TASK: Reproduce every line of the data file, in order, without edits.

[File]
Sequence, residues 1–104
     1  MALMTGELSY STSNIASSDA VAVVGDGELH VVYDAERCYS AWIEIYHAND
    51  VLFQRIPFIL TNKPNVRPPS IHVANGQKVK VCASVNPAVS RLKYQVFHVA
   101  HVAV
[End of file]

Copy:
Sequence, residues 1–104
     1  MALMTGELSY STSNIASSDA VAVVGDGELH VVYDAERCYS AWIEIYHAND
    51  VLFQRIPFIL TNKPNVRPPS IHVANGQKVK VCASVNPAVS RLKYQVFHVA
   101  HVAV